Health Care Reform: Speak Up Today!

Posted on November 2, 2009


Today, Nov. 2,  is the last day to impact the health care bill which will be taken up by Congress. The Kucinich Amendment, which protects the right of states to pursue single payer health care initiatives, was stripped from the legislation. The only way to reinstate it is for it to be included in a Manager’s Amendment which will be completed this evening.

Today is the last day to demand that the Kucinich Amendment to protect state single payer initiatives be put back in the Health Care bill (H.R. 676). Ask your Representatives to put the Kucinich Amendment back in the bill. It has already been approved by the Education and Labor Committee in a bipartisan vote.

You can find the email addresses to your Representatives here on this site. Click “Activate Government” at the top.



Why We Do Not Have Health Care for All

For nearly one hundred years, beginning with President Teddy Roosevelt in 1912, universal, not for profit health care has been proposed to meet the social and economic needs of all the American people. Yet today forty seven million Americans are uninsured and another fifty million Americans are underinsured.
In America today health care is a privilege, based on ability to pay. If you cannot pay, you do not have the privilege, you may get emergency room care, but that’s it. Long term, your life is shorter. If you have health insurance, premiums, co- pays and deductibles may be cause financial ruin. At least 60% of all bankruptcies in America are due to people not having enough money to pay for hospital bills.
—Why Don’t We Have Health Care for All?
Health Insurance Companies are investment companies. They make money when people purchase policies. They also make money by refusing to pay claims. In a recent study by the California Nurses Association, insurance companies denied 28% of claims. This means the people who bought the insurance had to pay the very claims they thought they were insured against. As investment companies insurance companies have an obligation to shareholders to make the most profit, to get the highest rate of return. That is why they have to make money by not providing health care. One of every three dollars in our health care system, $800 billion a year goes for the for-profit system, for corporate profits, stock options, executive salaries, advertising, marketing and the cost of paper work. The insurance companies, and their Wall Street partners, do not want to change this arrangement.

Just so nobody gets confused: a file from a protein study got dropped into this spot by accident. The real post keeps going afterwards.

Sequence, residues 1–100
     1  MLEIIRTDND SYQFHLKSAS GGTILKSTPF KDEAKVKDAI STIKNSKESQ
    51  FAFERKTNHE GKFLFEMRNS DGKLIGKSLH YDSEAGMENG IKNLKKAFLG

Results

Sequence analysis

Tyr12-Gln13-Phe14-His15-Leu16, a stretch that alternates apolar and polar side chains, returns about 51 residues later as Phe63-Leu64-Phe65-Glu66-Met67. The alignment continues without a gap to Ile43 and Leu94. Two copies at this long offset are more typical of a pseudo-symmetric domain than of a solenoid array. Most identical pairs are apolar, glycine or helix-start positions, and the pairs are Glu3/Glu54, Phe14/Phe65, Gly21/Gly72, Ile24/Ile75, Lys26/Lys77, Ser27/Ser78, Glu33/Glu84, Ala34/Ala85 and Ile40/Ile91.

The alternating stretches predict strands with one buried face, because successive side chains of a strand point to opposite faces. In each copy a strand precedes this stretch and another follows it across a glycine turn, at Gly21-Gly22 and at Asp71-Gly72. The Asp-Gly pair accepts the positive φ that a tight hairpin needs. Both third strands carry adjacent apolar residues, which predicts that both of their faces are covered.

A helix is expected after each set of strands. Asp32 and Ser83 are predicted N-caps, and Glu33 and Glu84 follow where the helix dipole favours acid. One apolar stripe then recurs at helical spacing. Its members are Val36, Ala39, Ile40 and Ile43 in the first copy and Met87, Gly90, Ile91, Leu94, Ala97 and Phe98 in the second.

—Can We Change the System?
Yes. But first we have to understand the influence that insurance companies have on our political process. They make large contributions to both political parties, to committee chairs and to individual members. Why? To protect the status quo, to make sure there are very few changes which interrupt their profits. That is why most proposals coming out of Washington today are weak, because most are written with an eye to the concerns of insurance companies.
—Is There Any Way Out of This Mess?
Yes, it is HR676, a universal, single payer, not for profit health care system, which is supported by 85 members of congress, and hundreds of other organizations made up of students, nurses, doctors, seniors and workers. It provides for all health care needs, doctor of choice, plus vision care, dental care, mental health, prescription drugs and long term care. We are already paying for a universal standard of care; we are just not getting it. We need to work together in making HR676 a reality. We cannot wait another 100 years.


Please sign the petition. Pass the word. Hold a meeting in your neighborhood. Help grow the movement for a universal single payer system.

Whereas, Universal Health Care was proposed by President Teddy Roosevelt in 1912; and
Whereas today, nearly 100 years later, 47 million Americans are uninsured and another 50 million are underinsured bringing great social and economic harm to the American family; and
Whereas, HR 676, authored by Congressmen John Conyers and Dennis Kucinich provides for Medicare for All, a universal, single payer, not-for-profit health care system which means the end of premiums, copays and deductibles; and
Whereas we are already paying for a universal standard of care but are not getting it because one of every three dollars in the health care system goes to the activities of the for-profit insurance system; and
Whereas HR676 firmly establishes health care as a Civil Right, consistent with the Preamble to the Constitution of the United States and Article 1, Section 8 of the U.S. Constitution which defines a purpose of government “to promote the General Welfare,” now therefore.